A pilot study for the nature-based conditioning of dredged urban canal sediments and their beneficial reuse

Torrance, Keith and Lord, Richard and Hamilton, Alasdair and Jakstys, Ignas (2021) A pilot study for the nature-based conditioning of dredged urban canal sediments and their beneficial reuse. In: Joint SedNet-Navigating a Changing Climate online Workshop, 2021-02-10 - 2021-02-11, Moved online due to Covid.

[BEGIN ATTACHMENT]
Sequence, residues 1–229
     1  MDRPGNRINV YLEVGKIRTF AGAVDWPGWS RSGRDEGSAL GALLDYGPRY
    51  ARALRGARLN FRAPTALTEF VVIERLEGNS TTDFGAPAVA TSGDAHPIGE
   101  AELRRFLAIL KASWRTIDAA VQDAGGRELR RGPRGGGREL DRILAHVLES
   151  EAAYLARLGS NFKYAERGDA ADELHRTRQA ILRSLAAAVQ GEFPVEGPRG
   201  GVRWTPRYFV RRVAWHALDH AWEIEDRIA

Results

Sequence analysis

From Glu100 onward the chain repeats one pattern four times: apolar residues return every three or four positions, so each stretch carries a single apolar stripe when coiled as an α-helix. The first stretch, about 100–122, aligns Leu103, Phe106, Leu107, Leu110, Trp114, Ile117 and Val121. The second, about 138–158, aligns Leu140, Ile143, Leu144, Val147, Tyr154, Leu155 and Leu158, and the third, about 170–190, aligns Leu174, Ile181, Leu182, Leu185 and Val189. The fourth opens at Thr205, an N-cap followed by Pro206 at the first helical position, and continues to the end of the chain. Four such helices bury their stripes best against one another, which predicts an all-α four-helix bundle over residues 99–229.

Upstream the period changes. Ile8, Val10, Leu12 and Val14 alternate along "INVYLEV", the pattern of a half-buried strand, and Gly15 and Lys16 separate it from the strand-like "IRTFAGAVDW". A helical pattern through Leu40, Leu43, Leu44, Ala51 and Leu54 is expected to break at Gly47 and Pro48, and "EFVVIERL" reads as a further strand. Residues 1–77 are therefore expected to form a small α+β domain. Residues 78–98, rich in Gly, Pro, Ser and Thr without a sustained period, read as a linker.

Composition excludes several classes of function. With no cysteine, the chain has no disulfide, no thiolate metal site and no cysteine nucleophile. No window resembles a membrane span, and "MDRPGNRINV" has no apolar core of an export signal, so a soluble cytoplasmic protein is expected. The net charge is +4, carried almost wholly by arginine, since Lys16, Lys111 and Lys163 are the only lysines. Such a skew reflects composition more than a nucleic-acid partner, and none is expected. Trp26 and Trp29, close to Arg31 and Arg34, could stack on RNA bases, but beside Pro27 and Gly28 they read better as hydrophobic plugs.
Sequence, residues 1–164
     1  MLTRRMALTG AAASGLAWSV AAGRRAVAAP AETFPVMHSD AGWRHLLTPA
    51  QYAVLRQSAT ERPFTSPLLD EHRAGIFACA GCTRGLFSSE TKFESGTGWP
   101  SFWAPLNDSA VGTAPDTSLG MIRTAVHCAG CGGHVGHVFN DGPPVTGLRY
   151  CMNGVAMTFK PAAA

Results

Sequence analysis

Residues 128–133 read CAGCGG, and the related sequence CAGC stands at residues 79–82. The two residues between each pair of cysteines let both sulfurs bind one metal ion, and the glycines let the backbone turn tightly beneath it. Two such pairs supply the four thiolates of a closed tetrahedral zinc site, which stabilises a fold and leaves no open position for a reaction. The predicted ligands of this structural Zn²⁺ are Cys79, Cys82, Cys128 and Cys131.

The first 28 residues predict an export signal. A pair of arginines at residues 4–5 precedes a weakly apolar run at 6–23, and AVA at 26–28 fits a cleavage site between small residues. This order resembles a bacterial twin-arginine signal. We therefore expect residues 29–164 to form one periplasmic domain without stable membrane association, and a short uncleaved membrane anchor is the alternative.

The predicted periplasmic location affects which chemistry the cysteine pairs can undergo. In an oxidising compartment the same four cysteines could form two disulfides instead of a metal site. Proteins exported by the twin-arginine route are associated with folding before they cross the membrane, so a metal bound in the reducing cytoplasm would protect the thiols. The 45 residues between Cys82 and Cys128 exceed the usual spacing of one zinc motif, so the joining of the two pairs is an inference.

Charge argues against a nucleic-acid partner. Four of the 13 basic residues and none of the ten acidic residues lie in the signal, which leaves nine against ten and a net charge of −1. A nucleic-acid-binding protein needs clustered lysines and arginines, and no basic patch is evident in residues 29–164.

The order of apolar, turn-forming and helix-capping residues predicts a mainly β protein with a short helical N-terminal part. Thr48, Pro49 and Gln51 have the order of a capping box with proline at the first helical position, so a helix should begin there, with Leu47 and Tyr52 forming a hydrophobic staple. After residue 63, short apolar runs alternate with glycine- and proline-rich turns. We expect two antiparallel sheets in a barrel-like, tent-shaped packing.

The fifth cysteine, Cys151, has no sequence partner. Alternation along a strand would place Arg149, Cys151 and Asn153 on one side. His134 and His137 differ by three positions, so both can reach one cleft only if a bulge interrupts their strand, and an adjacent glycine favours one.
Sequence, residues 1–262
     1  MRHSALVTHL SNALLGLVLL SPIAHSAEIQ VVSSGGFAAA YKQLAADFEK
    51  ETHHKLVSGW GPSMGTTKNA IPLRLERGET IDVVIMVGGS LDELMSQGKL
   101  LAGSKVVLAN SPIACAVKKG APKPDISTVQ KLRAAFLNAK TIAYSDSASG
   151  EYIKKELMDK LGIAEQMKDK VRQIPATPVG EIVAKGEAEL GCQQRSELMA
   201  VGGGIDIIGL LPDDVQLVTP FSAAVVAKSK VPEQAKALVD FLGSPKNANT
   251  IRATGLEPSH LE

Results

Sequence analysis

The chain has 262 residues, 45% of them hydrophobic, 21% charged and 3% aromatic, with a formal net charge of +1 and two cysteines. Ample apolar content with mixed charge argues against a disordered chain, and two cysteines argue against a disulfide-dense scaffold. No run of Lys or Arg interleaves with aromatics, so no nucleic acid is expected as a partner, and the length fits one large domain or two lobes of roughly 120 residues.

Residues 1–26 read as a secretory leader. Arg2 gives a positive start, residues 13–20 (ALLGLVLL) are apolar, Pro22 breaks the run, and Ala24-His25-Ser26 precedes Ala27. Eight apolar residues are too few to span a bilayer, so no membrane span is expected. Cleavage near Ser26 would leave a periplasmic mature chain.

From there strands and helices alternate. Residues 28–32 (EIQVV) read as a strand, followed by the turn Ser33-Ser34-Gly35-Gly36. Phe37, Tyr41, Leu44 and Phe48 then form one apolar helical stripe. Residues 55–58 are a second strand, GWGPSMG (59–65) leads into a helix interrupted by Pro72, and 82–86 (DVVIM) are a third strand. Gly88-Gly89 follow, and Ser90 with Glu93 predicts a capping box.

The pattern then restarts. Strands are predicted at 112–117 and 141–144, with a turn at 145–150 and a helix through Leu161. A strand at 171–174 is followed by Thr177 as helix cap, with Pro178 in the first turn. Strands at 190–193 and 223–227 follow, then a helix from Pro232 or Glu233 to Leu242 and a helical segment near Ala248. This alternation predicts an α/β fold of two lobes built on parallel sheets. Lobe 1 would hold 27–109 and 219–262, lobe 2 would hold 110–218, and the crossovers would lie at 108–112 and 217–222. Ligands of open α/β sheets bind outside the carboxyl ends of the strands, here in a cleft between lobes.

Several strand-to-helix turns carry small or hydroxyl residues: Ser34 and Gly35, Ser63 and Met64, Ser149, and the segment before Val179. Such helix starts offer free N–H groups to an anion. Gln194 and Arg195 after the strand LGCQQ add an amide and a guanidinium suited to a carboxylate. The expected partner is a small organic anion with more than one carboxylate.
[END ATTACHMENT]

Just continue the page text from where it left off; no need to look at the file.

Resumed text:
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Introduction: Only a small fraction of the estimated 200 million cubic metres of sediments that are dredged each year from ports, canals and waterways are repurposed. As part of the SURICATES [1] Interreg NWE462 project, a pilot study was conducted in 2019 to address the technical and economic challenges to adaptive sediment reuse, using passive dewatering and revegetation to accelerate sediment conditioning. Figure 1 Falkirk South site with the Union Canal in the background Methods: A 800 m2 treatment area was constructed on a former open cast coal mine site adjacent to the modern section of the Union Canal near Falkirk, Scotland constructed in 2001 as part of the Millenium Link. Six cells were designed that received approximately 1,018 m3 of wet sediment dredged from the Union Canal by a pontoon mounted excavator, which was emplaced over three weeks during July and August 2019. The project aim was to condition sediment for reuse in engineering projects along the canal.Canal sediments sampled in-situ prior to dredging consisted of silty sand and fine sands (10µm – 120 µm), with up to 23% loss on ignition at 550 ºC (equivalent to c.13% total organic carbon). This is consistent with leaf litter and other natural inputs from the canal system. Conditioning of wet canal sediment into a material that can be beneficially reused requires both dewatering from its initial dry weight of around 20% to around 65%. De-watering progress was monitored over a period of 6 months using pre-installed monitoring wells and fiberglass sleeves for use with a Delta-T PR2/6 [2] time-domain reflectometry moisture probe. This probe allowed moisture content to be measured at six depths within the sediment. Soil texture, surface features, and re-vegetation were also documented over the course of the pilot trial.Results: Progressive evidence of sediment de-watering was measured and observed over the course of the trial. This was evidenced by a reduction in the measured moisture content, falling water levels in the wells, and the formation of a crust on the sediment with polygonal desiccation cracks. Our observations also suggest that crustal formation is a largely irreversible process as sediment dewatering rebounds rapidly after heavy rainfall events. Some surface oxidation of organic matter was suggested by colour changes. Figure 2. Monitoring well levels in Cell F1.Discussion: The pilot study reinforced the importance of establishing effective drainage pathways, ideally at both the base of the cells and on the sediment surface to manage runoff and dewatering. Despite an exceptionally wet summer, the material was suitable for excavation and reuse as soil by February 2020. Due to the short residence period, weather events, flooding, and germination issues with the batch of seed used, the effects of plant growth were not observable, other than for voluntary revegetation. Lessons from this pilot study have been applied to two full-scale studies at Bowling and another site on the Forth & Clyde Canal that began in 2020.References: [1] SURICATES - Sediment Uses as Resources In Circular And Territorial EconomieS. Interreg, North-West Europe. https://www.nweurope.eu/projects/project-search/suricates-sediment-uses-as-resources-in-circular-and-territorial-economies/[2] Delta-T Devices, Burwell, Cambridge https://www.delta-t.co.uk/.